Do You Really Need a Living Trust?
There’s been more and more talk about living trusts these days, encouraging everyone to establish one so probate can be avoided when they die. Is it necessary for all people, though? What, exactly, is a living trust? What if you have a very small estate? What if you are still less than 50 years old? You need to understand these and other factors clearly before you decide whether a living trust is right for you.
A Living Trust Is…
A living trust is a legal document that is much like a will, but it becomes effective while you are still living. When you make a living trust, you place all your assets into the trust. It is used for your benefit while you are living and then transferred to your beneficiaries after your death. The trust also names those persons or organizations who will receive your assets.
A trustee manages the trust’s assets. It is common for people to name themselves as the trustee so they retain control of their assets. Usually, a successor trustee is also named in case you ever become incapacitated or simply decide that you no longer want to deal with the duties. It is wise to make the trust revocable, or changeable. That way, if your circumstances change, you can alter the terms of the trust.
Living Trust Planning
Resources For Living Trust
Should Everyone Have a Living Trust?
A living trust is not the best choice for everyone. Young people who do not have children or very many assets will not really reap any benefit from a living trust. Other people with small estates often choose against creating a living trust as well. Still others would prefer the courts, rather than a trustee, supervise their estate. The rule of thumb is that the larger the estate, the more beneficial a living trust would be.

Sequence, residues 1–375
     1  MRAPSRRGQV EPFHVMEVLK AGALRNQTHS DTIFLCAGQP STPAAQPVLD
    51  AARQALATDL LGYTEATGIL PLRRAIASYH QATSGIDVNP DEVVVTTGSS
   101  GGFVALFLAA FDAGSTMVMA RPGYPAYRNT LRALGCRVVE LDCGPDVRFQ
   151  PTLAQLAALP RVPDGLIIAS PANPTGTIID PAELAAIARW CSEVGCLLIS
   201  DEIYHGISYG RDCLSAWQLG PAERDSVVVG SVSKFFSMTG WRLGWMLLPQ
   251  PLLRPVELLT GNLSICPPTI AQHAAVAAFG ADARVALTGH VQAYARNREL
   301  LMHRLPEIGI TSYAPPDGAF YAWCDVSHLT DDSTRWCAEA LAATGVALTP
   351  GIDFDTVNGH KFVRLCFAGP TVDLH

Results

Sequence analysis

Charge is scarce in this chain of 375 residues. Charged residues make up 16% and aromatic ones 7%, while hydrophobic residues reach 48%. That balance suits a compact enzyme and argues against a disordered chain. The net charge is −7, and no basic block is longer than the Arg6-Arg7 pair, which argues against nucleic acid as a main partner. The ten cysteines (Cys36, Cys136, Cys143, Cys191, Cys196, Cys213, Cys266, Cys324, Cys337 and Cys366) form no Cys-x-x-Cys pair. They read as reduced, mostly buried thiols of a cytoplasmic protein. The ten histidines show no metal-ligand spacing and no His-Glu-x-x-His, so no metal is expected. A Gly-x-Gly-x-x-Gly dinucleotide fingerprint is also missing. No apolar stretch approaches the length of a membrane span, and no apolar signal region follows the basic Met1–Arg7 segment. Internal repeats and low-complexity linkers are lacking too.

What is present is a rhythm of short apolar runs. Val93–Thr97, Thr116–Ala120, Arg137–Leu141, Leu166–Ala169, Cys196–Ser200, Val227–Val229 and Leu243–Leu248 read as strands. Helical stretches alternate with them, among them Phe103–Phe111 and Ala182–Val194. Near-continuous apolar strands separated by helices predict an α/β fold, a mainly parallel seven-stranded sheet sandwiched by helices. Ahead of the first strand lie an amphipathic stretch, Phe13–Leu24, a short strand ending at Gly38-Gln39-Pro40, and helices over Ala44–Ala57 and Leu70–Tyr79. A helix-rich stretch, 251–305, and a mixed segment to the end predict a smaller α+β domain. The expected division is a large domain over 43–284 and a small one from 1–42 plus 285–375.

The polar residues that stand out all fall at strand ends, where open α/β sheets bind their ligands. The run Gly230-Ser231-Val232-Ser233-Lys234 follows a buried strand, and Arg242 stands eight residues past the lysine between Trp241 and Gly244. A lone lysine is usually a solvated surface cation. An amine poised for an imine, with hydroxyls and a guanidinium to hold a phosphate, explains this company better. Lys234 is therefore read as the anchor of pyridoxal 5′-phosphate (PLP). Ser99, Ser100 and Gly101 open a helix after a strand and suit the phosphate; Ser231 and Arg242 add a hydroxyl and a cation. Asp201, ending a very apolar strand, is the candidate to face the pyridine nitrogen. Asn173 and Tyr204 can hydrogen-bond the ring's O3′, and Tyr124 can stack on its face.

So who will benefit the most from having a living trust?
Parents often decide to create a living trust so their beneficiaries’ assets are protected. Not just parents of minor children, but parents who feel their adult children are not responsible enough to handle a large sum, parents who want to protect the assets from a child’s unscrupulous spouse or parents of adult children who are incapacitated. They feel this is the best way to make sure their child reaps the benefit of their assets for as long as possible.
Another group who often choose to create a living trust is those who worry about becoming incapacitated. As the average age of life expectancy continues to rise, more people are concerned that they will become vulnerable to scam artists, or that their own mind will begin to play tricks on them and they will forget to pay bills or make unwise financial decisions. By creating a living trust and naming a capable successor trustee, many of those worries are unnecessary.
If you would prefer to avoid probate, or if you want your affairs kept more private, you are also a good candidate for a living trust. If you feel a living trust would be the right choice for you, find an attorney who specializes in this type of law and talk to him/her. They will advise you if a living trust is a good option for your personal situation.
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